There is a place in Niigata Prefecture that interests me a lot, The Kitsune-bride’s House. This small museum, located near Tsugawa Station, midway between Niigata and Aizu-Wakamatsu, houses many exhibits dedicated to kitsune.
And why does this museum interest me? Well, my favorite Japanese folklore character is the kitsune - the mysterious fox. Kitsune were said to have magical powers and live long lives before eventually transforming into a more complete form with silvery fur and five or nine tails. These legendary foxes also had an unusually keen sense of hearing, and were able to see both the past and the future.
According to one legend, the deity Inari once descended to earth on a snow-white fox, giving people prosperity and fertility. Not having a specific gender, Inari can appear before a person either in the image of a girl or that of a grey-haired old man. Inari were accompanied by aides, the magical kitsune.
Another legend sees a young man, Ono, who was seeking a girl of extraordinary beauty. He searched but couldn’t find this girl. One day Ono wandered into an abandoned wasteland where, suddenly, in the middle of the mist, he saw a refined beauty with sparkling red hair and almond-shaped eyes. The couple were soon married and with child.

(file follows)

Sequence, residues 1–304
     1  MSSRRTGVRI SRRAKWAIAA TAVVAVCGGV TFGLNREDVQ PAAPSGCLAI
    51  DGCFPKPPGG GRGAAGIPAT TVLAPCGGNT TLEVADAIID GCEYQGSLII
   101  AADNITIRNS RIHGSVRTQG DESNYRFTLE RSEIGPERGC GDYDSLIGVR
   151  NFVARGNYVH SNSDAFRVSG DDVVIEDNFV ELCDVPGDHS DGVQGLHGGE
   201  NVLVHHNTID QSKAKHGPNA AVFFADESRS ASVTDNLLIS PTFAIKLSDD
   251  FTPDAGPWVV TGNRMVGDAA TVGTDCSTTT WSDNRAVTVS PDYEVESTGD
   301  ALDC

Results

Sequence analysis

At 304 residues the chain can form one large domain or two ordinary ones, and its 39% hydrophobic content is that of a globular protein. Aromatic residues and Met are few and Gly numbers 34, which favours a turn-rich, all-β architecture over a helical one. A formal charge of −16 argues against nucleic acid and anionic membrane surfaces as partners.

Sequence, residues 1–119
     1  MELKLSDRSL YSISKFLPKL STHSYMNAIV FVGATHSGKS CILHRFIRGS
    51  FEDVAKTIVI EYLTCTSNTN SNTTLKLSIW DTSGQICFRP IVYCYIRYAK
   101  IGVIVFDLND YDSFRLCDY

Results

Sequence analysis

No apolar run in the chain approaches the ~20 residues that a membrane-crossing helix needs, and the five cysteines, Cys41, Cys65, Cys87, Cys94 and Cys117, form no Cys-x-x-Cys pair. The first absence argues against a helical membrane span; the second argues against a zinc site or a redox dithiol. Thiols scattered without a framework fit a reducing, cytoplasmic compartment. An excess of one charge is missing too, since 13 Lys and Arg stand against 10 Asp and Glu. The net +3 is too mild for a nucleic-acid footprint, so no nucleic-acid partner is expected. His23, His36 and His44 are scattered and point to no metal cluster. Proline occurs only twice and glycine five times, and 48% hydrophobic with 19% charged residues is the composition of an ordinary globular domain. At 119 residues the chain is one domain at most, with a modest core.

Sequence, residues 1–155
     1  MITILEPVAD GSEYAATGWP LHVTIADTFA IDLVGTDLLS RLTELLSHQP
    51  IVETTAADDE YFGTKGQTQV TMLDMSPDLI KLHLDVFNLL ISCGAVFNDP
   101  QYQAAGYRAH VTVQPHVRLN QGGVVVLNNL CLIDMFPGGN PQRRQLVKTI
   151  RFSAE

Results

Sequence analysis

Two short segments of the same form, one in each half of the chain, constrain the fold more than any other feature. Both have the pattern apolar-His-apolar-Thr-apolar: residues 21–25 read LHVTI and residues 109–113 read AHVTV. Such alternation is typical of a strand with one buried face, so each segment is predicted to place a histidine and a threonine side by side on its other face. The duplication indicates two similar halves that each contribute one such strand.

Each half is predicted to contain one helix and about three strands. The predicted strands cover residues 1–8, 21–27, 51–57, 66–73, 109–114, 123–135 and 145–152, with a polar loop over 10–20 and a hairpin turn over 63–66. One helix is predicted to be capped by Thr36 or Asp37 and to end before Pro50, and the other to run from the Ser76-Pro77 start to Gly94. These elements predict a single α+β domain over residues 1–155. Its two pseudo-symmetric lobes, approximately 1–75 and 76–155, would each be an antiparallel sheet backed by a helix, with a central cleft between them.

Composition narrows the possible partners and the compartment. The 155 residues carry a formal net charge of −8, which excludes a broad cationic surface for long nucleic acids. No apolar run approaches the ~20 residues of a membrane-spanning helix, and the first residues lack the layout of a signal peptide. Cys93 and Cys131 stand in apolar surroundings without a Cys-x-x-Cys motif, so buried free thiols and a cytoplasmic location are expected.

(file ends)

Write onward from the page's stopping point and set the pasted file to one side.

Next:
At the hour of the child's birth, the owner's dog gave birth to a puppy and then attacked the young mistress. Fearful, the woman transformed into a fox, escaping towards the wasteland. Calling after her, Ono said, "Stay a fox if you want to, but visit me and our son. We will always be glad to see you!" Each night form then on, the fox returned home, regaining her human form, before transforming back into a fox come the morning.
There were many foxes around Mt. Kirin in Niigata Prefecture. The people living in the nearby village of Aga-machi believed that a sun shower meant that a fox wedding had begun and that such a wedding was a good omen for future harvests. These fox weddings began in the evening with many lanterns visible on the mountain slope; the more lanterns there were, the richer the harvest. Conversely, a year without a fox wedding, promising famine and death, made people worry.
Rather than relying on magic foxes, the people began conduct fox ceremonies themselves. The fox wedding in Ago-machi is held on May 3 each year. Mimicking a real magnificent wedding, to which the entire town attends, all of the guests' faces are made up to look like kitsune.